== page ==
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Carnegie Mellon’s Kasem Kydd uses provocative live performance and symbol-laden visual art to explore the nuance of black culture.

Carnegie Mellon student Kasem Kydd explores black identity and diaspora through his visual art, performance pieces and multimedia (Photography by Morgan Richards, Point Park University)

One of Kasem Kydd’s paintings, “Loving Myself Violently in the Face of Blue Silence,” finds an androgynous black individual swathed in a mosaic of blues staring at what could either be a wall or a mirror; the spot holding their attention is intensely navy and resembles, in its outline, a police badge, and just behind the shape is what looks like a billy club. The inexpressive face of the work’s subject offers few emotional cues, but seems to exude an intense sense of scrutiny.

Kydd, a senior at Carnegie Mellon, often explores themes of African-American identity in his artwork, which ranges in medium from video to performance to painting, and has won a number of awards, including the Andy Warhol Award (2015), the Samuel Rosenberg Art Award and a summer art residency at the Yale Norfolk School of Art (2017). I talked to him about his work, the intersection of activism and his art and why he has become such a distinct voice in the mostly white community of art.

Maah Otchere: So let’s start with “Loving Myself Violently in the Face of Blue Silence.” The piece really reflects the intense emotion brought on by police brutality toward black individuals. Do you imagine the scene you’ve created explores the historical phenomenon of institutionalized violence against minorities or its present-day reality?

Kasem Kydd: I reimagine histories, imagine possible futures and create work that counters a tried history of whiteness and white supremacy. It’s somber, but I feel that the scene is timeless because it represents both the historical and present-day values of America. And, I feel that, through a shared knowledge of what it means to have blackness in America, I can create platforms, spaces and opportunities for other people who look like me to speak more on how the scene can transcend time and space; it’s not only set in the past, but also in the present and soon the future.

MO: You use mainly black figures or people in your work. What does this have to do with black culture and your own personal history? 

KK: I mainly focus on blackness as a theme, which heavily shapes my work, and when I say that, I mean blackness in relation to its diaspora, or lack thereof, and my relationship with that. I would say that it is really the foundation of what I create, and from there it definitely branches out, often into black cultural aspects such as marching bands, drum lines and drum cores. I find that black culture is a product of our, and others’, conceptions of blackness.

“We need to ask the questions of why it’s uncomfortable and why it’s awkward to fully understand blackness as a concept.” (Photography by Morgan Richards, Point Park University)

MO: But since you are in a mostly white setting, how can you present blackness in a place where it is not necessarily understood?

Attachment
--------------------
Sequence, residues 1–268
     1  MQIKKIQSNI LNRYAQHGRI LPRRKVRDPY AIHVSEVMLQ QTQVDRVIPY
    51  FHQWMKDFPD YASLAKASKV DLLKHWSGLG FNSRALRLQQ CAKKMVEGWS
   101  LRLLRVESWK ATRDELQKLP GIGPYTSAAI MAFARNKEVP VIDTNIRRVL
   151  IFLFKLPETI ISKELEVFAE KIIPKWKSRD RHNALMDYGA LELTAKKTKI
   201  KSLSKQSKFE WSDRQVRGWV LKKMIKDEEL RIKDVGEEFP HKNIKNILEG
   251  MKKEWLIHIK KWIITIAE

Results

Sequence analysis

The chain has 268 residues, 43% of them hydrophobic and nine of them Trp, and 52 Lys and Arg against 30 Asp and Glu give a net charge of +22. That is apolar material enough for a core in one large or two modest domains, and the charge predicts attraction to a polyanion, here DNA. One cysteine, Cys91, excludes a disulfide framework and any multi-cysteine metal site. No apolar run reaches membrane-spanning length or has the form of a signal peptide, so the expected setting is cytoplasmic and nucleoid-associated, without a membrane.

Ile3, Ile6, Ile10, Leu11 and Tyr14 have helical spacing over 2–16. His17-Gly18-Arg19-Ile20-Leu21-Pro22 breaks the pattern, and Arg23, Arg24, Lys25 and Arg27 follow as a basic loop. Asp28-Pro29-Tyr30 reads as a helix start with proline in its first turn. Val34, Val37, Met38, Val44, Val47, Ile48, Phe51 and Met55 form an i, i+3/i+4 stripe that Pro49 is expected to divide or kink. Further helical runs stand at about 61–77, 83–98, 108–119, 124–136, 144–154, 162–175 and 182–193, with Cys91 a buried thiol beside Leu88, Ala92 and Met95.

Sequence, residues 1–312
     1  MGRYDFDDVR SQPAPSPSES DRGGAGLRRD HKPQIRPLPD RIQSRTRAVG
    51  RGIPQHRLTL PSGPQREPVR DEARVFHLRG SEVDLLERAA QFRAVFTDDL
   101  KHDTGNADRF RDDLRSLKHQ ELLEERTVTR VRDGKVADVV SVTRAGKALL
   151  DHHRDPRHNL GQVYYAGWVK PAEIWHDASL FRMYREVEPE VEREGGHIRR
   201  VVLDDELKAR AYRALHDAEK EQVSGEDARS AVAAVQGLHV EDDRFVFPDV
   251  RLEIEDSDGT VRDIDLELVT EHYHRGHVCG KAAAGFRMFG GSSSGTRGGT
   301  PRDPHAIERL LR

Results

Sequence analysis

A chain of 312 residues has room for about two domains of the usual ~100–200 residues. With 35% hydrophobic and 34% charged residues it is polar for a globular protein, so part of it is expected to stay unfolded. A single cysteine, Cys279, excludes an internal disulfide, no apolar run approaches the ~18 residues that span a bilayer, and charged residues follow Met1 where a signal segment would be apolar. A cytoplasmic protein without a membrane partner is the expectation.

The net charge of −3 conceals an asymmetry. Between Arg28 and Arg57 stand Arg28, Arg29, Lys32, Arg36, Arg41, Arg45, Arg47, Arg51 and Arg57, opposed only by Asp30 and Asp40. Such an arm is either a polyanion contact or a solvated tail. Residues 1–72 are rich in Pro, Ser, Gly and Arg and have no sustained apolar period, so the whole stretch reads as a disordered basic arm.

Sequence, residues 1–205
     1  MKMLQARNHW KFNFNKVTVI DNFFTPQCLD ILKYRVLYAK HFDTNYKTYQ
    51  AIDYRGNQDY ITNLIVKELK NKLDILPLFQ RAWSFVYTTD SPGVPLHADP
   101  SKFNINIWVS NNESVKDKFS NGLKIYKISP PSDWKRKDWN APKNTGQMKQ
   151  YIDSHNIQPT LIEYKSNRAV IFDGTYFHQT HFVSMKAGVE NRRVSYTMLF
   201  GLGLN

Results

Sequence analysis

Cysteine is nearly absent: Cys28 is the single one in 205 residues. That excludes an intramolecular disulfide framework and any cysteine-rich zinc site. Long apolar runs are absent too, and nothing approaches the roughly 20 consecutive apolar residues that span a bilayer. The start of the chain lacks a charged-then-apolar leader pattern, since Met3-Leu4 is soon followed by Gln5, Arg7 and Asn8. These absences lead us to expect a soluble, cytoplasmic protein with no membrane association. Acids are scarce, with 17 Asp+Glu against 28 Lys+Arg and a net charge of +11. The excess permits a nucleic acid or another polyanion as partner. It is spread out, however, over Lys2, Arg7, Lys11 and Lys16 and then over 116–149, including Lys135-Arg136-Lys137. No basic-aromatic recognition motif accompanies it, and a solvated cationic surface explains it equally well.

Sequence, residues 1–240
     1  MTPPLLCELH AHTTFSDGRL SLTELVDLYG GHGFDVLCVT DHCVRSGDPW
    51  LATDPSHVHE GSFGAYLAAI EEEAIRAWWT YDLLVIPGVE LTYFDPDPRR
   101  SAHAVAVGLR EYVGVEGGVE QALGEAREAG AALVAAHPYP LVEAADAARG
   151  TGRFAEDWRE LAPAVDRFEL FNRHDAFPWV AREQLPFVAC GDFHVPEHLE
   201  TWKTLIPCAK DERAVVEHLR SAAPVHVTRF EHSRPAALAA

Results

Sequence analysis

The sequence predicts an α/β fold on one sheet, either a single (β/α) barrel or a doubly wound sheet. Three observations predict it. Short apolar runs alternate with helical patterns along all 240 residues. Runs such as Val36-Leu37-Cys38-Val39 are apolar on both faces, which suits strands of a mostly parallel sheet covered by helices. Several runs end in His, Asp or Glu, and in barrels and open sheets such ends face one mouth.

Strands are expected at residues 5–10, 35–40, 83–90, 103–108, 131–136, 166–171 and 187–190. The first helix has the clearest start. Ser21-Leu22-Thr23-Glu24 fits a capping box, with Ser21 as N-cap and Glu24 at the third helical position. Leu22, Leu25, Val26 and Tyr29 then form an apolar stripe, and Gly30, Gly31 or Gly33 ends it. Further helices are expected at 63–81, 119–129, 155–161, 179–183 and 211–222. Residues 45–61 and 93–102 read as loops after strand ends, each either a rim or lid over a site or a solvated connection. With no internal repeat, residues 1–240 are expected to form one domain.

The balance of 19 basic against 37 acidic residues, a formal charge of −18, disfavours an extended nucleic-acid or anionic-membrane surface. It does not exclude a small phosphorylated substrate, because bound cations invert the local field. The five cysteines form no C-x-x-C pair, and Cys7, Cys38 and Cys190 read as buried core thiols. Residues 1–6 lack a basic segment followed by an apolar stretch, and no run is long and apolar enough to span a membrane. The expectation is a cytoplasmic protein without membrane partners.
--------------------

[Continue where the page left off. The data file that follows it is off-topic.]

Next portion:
KK: Yes, that is hard. I think it’s definitely difficult making work in a white space as a black artist because I am always at risk of being co-opted, boxed in or silenced. I want blackness to be shared, the pros and the cons, but that means I can’t sugarcoat anything. I stay true to myself no matter how awkward or uncomfortable it can be, and it can be uncomfortable. But we need to ask the questions of why it’s uncomfortable and why it’s awkward to fully understand blackness as a concept.

MO: I think that’s a good way to think about it, so that you don’t worry too much about the outside world. Do you think that you leaned into that discomfort when performing “A Prayer for Black Folk”?

KK: Yes, I used my power as a performer to turn the narrative and demand that white people pray for black people. In some ways this invited awkwardness, because we were all forced to question why that statement felt awkward to say. That work prompted a particular energy in the room and a feeling of connection, amongst other things. We don’t usually hear or think of white people praying for black people or any minority. Because of this, I wanted us to all experience an opposite view that was not the norm.

MO: That really echoes the Assata Shakur quote that you have said inspires your work: “It is our duty to fight for our freedom. It is our duty to win. We must love and support each other.” What does this mean, and where is this represented in your art? 

KK: I love the quote because it encompasses two of the most important things for me, which are existing in my blackness and being an artist. There’s been a historical battle between white supremacy and blackness for a long time, and it’s exhausting to be making work, existing, living, fighting, talking about and being black. That’s why I think the most important part of the quote is that we must love and support each other. We all need that rejuvenation, rest and respite from having to question our existence daily.

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